Fernando M. Duarte and Carlo Rosa
We surveyed banks, we combed the academic literature, we asked economists at central banks. It turns out that most of their models predict that we will enjoy historically high excess returns for the S&P 500 for the next five years. But how do they reach this conclusion? Why is it that the equity premium is so high? And more importantly: Can we trust their models?
The equity risk premium is the expected future return of stocks minus the risk-free rate over some investment horizon. Because we don’t directly observe market expectations of future returns, we need a way to figure them out indirectly. That’s where the models come in. In this post, we analyze twenty-nine of the most popular and widely used models to compute the equity risk premium over the last fifty years. They include surveys, dividend-discount models, cross-sectional regressions, and time-series regressions, which together use more than thirty different variables as predictors, ranging from price-dividend ratios to inflation. Our calculations rely on real-time information to avoid any look-ahead bias. So, to compute the equity risk premium in, say, January 1970, we only use data that was available in December 1969.
Let’s now take a look at the facts. The chart below shows the weighted average of the twenty-nine models for the one-month-ahead equity risk premium, with the weights selected so that this single measure explains as much of the variability across models as possible (for the geeks: it is the first principal component). The value of 5.4 percent for December 2012 is about as high as it’s ever been. The previous two peaks correspond to November 1974 and January 2009. Those were dicey times. By the end of 1974, we had just experienced the collapse of the Bretton Woods system and had a terrible case of stagflation. January 2009 is fresher in our memory. Following the collapse of Lehman Brothers and the upheaval in financial markets, the economy had just shed almost 600,000 jobs in one month and was in its deepest recession since the 1930s. It is difficult to argue that we’re living in rosy times, but we are surely in better shape now than then.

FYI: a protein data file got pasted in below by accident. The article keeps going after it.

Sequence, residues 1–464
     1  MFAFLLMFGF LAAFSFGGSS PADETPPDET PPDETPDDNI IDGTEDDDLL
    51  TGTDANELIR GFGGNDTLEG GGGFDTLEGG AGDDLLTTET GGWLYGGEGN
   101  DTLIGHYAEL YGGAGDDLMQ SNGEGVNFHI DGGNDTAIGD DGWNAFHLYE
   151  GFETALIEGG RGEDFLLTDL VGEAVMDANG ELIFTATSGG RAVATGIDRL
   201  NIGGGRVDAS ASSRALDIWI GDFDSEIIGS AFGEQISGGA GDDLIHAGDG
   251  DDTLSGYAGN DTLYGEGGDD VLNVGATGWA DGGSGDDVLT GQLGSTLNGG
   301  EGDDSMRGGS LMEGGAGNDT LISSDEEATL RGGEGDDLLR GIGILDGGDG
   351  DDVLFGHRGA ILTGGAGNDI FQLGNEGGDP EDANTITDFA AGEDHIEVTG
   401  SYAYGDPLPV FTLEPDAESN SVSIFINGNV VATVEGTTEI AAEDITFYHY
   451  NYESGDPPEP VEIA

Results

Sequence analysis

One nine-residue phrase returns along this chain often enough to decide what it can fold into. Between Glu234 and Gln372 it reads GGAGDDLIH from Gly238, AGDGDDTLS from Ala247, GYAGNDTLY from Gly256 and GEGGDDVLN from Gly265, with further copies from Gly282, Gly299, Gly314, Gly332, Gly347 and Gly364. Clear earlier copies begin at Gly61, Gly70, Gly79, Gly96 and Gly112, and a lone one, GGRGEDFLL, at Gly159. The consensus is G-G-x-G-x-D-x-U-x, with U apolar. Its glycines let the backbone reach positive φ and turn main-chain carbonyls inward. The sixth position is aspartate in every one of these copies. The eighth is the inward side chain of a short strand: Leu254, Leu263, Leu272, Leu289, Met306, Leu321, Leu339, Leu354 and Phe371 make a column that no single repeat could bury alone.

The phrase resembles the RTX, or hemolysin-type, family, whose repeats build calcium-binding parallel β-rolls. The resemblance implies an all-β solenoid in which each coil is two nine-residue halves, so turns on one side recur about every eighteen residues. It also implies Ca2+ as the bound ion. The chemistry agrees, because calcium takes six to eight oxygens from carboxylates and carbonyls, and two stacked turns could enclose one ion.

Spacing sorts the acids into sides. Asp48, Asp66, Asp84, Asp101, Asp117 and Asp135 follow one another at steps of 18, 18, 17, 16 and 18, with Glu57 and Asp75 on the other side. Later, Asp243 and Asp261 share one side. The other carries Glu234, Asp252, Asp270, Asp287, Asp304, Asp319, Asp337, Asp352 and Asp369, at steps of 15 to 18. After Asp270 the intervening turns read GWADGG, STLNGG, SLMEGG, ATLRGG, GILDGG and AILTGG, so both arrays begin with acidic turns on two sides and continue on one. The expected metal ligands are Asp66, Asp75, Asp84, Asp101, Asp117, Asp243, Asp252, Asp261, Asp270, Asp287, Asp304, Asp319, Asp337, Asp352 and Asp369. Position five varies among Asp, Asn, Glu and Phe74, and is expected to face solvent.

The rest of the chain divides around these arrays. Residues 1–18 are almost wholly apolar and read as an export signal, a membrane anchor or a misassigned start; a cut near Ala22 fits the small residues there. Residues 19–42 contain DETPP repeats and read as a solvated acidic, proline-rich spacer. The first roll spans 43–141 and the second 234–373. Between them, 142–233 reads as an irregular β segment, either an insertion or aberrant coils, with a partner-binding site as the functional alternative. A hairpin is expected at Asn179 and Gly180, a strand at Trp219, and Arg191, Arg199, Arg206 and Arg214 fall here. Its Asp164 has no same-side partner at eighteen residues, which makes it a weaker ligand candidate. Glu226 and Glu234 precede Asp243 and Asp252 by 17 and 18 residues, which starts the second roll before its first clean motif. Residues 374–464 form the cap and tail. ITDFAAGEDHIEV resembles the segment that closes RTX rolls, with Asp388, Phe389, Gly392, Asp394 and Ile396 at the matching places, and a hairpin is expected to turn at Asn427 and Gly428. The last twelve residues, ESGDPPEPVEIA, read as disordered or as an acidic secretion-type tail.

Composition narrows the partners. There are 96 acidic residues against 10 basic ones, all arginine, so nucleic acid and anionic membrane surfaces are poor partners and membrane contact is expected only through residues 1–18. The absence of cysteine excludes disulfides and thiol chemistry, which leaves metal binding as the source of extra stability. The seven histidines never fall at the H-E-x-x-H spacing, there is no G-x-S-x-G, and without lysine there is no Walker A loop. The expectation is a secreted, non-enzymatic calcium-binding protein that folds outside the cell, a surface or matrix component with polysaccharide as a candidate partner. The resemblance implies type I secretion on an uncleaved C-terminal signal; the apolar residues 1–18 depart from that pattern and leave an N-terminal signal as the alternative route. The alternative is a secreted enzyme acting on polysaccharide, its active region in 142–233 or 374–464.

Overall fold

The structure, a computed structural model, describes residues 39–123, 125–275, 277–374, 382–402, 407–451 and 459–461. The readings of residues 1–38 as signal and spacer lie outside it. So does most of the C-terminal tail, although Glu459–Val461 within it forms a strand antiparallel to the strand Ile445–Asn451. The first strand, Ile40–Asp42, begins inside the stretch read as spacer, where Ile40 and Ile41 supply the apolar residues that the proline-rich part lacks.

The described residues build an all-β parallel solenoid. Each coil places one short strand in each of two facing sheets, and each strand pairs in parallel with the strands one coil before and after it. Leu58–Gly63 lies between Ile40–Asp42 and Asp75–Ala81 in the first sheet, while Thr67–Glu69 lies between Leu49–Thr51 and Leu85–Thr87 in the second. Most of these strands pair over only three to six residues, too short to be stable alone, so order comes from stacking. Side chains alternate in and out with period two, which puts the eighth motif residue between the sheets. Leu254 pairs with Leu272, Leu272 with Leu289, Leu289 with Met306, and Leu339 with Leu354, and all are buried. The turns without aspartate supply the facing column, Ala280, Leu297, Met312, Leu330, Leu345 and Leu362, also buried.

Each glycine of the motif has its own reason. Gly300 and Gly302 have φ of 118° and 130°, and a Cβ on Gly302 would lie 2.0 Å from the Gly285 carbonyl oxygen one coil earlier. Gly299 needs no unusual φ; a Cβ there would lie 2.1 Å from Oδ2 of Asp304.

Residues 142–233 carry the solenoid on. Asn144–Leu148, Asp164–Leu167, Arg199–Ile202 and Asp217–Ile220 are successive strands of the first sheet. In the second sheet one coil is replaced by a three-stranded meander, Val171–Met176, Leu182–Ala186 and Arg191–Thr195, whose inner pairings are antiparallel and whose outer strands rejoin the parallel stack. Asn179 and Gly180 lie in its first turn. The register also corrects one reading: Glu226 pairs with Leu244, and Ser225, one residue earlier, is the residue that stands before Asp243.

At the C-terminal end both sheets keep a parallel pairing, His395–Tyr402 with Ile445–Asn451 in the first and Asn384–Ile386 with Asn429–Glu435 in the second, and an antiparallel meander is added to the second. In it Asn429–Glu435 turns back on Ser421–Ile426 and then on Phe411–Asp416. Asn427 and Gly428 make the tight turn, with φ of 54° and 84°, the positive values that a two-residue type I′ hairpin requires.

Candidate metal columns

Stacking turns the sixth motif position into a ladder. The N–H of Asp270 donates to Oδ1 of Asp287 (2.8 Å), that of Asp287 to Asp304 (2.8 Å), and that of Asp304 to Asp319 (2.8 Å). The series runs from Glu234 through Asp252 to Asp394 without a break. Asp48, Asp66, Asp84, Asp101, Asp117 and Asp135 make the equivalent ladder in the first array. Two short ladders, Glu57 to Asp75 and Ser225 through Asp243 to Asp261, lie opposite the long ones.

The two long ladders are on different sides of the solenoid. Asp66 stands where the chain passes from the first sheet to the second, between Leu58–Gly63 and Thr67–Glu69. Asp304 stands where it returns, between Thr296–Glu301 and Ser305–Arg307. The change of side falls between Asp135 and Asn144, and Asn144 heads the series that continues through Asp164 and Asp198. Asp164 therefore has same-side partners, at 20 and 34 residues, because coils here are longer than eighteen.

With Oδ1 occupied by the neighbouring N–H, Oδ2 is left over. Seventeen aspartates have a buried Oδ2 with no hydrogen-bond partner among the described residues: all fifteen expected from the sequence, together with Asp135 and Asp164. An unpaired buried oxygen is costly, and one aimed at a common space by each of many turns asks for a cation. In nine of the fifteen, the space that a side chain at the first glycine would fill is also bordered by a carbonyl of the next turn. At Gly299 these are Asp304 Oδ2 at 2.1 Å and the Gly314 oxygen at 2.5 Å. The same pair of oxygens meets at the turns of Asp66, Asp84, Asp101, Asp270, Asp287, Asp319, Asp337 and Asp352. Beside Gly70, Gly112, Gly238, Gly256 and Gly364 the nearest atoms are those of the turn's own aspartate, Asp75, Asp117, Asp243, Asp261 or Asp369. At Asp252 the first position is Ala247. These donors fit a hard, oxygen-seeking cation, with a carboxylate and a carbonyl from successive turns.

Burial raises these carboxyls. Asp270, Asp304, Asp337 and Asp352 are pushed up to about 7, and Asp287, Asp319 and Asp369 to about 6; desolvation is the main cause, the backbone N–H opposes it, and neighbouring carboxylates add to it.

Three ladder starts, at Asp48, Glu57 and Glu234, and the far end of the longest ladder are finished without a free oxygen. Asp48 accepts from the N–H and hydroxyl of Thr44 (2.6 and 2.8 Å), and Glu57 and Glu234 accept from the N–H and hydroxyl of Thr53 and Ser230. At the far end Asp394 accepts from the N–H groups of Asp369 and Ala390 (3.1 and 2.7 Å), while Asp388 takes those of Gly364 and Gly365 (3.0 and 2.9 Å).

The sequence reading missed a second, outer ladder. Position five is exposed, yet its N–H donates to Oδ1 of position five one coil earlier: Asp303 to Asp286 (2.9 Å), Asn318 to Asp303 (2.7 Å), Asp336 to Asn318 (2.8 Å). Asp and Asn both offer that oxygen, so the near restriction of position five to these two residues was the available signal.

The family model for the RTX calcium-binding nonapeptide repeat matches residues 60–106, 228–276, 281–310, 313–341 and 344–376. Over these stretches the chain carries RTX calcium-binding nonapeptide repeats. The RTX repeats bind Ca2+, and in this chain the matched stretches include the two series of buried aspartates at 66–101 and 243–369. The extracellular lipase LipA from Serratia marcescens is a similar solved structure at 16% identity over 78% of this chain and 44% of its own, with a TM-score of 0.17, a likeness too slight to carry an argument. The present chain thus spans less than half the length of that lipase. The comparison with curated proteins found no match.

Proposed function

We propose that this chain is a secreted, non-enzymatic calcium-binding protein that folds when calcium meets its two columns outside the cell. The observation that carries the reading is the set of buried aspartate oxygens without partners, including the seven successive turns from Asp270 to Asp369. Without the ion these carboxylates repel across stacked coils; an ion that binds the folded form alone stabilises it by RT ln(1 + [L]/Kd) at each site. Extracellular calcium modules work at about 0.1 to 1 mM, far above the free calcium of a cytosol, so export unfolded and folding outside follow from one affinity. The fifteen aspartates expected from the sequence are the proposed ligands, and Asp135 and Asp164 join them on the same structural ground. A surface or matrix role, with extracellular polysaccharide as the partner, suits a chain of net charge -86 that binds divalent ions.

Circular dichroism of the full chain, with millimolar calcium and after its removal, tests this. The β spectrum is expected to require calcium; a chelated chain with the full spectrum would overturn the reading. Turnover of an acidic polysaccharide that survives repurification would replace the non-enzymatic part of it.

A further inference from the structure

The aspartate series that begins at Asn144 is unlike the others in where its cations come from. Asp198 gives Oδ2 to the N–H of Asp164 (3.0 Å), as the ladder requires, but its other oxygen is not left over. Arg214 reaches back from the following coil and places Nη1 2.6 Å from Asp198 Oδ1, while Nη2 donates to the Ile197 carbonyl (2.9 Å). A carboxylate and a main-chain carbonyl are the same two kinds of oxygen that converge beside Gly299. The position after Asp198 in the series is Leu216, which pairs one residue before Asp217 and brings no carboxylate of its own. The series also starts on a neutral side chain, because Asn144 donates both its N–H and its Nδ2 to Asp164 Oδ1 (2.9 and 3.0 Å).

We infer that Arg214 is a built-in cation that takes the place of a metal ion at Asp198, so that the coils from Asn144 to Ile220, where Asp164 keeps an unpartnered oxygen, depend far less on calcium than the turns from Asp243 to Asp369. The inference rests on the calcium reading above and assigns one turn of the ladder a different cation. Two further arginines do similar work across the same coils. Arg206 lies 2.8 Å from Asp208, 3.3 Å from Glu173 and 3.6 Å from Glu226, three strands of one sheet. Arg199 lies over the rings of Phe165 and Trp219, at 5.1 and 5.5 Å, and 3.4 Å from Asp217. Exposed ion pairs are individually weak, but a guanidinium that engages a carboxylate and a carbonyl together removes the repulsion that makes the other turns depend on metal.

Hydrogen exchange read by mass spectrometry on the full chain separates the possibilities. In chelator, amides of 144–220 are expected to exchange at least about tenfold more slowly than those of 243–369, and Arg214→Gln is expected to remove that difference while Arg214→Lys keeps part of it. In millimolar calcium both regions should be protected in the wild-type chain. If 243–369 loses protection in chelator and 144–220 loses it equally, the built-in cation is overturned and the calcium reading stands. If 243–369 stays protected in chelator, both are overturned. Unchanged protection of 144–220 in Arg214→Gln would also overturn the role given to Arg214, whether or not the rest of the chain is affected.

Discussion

The next chart shows a comparison between those two episodes and today. For 1974 and 2009, the green and red lines show that the equity risk premium was high at the one-month horizon, but was decreasing at longer and longer horizons. Market expectations were that at a four-year horizon the equity risk premium would return to its usual level (the black line displays the average levels over the last fifty years). In contrast, the blue line shows that the equity risk premium today is high irrespective of investment horizon.